When Mr Putin annexed Crimea in March 2014, articles in Rossiyskaya Gazeta and The Diplomat drew attention to the similarity with India’s absorption of the Himalayan kingdom of Sikkim. I wonder how Owen Dixon, the Australian jurist and UN mediator in Jammu and Kashmir who called Maharaja Hari Singh’s disputed kingdom a miniature Austro-Hungarian empire, would have described India. Both India and Russia are pluralistic states that challenge Westphalian concepts of the nation-state with its exclusive sovereignty over its territory. Both can claim that for reasons of history and culture, their influence and even their identity extend beyond their borders. To continue the parallel, Russia has the largest Muslim population in Europe: US sources claimed in 2017 that 14 million Russian Muslims constitute around 10% of the total population. Islamist insurgencies are not limited to the Chechen region. Moreover, not all countries that were part of the former Soviet Union today are self-governing units that have made a smooth transition from dependency to independence. Most housed – and some still do – Russian military units considered crucial to the security of the Russian Federation.

In this context, students of history might see NATO’s strategic concept document highlighted in Madrid stating that “the Russian Federation’s war of aggression against Ukraine broke the peace and seriously altered our environment. security” as a return to Cold War rhetoric. “Russia’s brutal and unlawful invasion, repeated violations of international humanitarian law and heinous attacks and atrocities” may well “have caused untold suffering and destruction”, but the term used by Moscow for the invasion – “special military operation” – invites comparison with India’s 1948 Operation Polo or Operation Vijay in 1961. Ranjit Gupta, Commissioner of Police in Kolkata in the 1970s, who is credited with suppressing the Naxalite movement, argued that as an imperial creation, modern India could only be maintained by imperial means.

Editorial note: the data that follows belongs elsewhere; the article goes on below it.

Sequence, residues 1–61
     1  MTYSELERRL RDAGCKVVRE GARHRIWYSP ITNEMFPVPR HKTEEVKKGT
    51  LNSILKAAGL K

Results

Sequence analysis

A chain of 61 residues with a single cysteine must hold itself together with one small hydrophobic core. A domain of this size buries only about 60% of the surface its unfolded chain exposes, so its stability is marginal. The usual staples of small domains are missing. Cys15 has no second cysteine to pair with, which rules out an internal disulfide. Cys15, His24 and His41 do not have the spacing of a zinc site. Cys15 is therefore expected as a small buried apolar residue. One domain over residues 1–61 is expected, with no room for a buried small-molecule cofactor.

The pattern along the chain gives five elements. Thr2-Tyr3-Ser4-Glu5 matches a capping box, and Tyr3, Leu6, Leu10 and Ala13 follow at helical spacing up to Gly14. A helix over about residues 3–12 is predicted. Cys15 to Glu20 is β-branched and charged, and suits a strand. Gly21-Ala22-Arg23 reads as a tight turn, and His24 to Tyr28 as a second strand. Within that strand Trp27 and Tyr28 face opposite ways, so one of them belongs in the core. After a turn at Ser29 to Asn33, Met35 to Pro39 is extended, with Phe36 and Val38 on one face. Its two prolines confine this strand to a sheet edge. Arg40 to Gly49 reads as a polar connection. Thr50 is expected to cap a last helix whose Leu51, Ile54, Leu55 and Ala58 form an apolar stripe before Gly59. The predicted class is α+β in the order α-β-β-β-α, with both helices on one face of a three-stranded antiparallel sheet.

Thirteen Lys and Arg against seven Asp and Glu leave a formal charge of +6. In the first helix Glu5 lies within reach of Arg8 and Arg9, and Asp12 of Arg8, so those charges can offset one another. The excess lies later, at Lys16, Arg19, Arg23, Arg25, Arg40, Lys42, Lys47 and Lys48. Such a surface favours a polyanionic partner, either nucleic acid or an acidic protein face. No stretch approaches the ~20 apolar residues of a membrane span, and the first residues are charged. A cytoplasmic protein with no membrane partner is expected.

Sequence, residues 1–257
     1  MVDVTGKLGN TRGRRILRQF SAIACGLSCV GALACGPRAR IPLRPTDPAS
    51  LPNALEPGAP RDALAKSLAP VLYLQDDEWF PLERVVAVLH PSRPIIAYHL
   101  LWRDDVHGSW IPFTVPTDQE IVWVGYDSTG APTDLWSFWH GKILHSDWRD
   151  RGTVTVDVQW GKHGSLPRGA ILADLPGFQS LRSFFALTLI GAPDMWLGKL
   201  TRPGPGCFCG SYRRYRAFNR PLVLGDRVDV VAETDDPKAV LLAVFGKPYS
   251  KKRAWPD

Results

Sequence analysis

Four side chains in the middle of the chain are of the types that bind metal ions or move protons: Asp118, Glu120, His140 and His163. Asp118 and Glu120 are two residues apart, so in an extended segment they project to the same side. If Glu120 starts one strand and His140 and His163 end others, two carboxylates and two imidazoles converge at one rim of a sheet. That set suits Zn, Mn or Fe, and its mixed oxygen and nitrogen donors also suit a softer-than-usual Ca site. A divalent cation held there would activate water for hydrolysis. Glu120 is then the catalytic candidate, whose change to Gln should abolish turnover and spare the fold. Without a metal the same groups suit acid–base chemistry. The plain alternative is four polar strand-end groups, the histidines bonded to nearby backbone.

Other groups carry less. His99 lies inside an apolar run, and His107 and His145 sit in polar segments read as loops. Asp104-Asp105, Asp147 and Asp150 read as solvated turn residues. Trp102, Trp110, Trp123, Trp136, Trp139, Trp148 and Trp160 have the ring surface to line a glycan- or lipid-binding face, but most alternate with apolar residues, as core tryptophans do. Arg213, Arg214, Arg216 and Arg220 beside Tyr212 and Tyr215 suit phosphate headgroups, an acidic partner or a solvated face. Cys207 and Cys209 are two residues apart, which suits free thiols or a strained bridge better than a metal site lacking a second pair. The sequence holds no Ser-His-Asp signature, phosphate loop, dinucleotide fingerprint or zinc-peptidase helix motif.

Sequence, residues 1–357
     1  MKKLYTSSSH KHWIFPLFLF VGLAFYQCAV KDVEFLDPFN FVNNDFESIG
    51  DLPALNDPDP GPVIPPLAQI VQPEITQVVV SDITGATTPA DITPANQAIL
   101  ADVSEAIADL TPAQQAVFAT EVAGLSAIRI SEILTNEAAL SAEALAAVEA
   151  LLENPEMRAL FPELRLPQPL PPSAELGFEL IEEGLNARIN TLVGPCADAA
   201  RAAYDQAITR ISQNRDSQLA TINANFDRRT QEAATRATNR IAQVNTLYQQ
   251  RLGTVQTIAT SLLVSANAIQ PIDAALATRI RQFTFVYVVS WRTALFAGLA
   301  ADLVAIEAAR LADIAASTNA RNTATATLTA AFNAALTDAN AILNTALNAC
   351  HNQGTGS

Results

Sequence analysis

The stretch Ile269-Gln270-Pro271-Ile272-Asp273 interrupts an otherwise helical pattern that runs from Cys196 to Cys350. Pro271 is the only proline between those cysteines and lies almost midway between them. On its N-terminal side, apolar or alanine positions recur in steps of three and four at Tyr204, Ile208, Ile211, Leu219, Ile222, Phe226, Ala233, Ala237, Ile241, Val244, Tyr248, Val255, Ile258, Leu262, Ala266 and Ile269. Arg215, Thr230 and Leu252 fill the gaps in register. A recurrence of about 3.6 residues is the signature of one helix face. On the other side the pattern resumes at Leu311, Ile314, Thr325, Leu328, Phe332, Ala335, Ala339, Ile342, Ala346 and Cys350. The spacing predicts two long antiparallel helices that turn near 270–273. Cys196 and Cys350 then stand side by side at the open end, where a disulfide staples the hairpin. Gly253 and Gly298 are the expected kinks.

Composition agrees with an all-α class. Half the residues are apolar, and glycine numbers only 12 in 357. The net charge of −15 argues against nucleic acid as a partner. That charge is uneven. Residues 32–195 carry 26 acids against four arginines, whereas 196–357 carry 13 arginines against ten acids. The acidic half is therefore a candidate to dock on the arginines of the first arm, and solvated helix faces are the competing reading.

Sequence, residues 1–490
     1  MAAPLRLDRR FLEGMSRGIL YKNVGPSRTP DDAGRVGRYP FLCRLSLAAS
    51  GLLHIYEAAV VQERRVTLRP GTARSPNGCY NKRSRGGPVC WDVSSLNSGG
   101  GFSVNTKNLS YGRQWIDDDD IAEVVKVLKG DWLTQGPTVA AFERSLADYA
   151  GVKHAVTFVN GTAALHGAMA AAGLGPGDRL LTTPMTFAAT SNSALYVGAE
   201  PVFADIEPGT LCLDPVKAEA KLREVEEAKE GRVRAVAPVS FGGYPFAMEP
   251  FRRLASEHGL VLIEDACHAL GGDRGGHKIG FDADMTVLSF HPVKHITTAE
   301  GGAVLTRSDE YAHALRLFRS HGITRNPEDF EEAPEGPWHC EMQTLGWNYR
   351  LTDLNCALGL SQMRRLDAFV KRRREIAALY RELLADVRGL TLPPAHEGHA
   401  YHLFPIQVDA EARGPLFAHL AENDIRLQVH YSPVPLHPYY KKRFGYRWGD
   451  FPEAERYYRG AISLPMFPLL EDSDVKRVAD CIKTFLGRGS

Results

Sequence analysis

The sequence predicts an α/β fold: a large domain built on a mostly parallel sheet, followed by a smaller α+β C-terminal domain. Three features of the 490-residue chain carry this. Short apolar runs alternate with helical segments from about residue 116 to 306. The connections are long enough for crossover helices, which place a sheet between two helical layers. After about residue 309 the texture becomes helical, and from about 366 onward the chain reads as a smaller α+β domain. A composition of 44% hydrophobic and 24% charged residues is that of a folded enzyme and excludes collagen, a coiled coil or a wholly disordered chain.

It was said in the early 1990s that Mikhail Gorbachev was a better democrat than Abraham Lincoln as he let 14 Soviet republics go their own way while Lincoln fought a bitter and bloody civil war to prevent the 11 Confederate states from seceding of the Union. Times change, borders change, yesterday’s enemies like France and Germany are today’s EU partners. The current joke doing the rounds is about Mr. Putin returning to earth from a special paradise for ex-communists and ordering a vodka at a bar with a talkative bartender. Is Crimea Russian, he asked, and was assured yes. Donbass? Also Russian. And the operation in Ukraine? “The Russians have invaded,” the bartender said. “Thousands of people have been killed. Burials continued day and night. Mr. Putin wanted to know if the war was going on. “No,” replied the bartender. “It’s over. There is complete peace now!

Delighted that his conquest is complete, Mr. Putin asks for his bill. “Five euros,” replied the bartender.

Lord Robertson, NATO Secretary General, remembers newly elected Mr Putin asking: “When are you going to invite us to join NATO?” The Secretary General replied that countries were not invited, they asked to join. “Well, we don’t line up with a lot of countries that don’t matter,” retorted the Russian president.

As already noted, a concession to his sensitivity could have saved Ukraine. It would also have avoided the dilemma that Prime Minister Narendra Modi finds himself in today.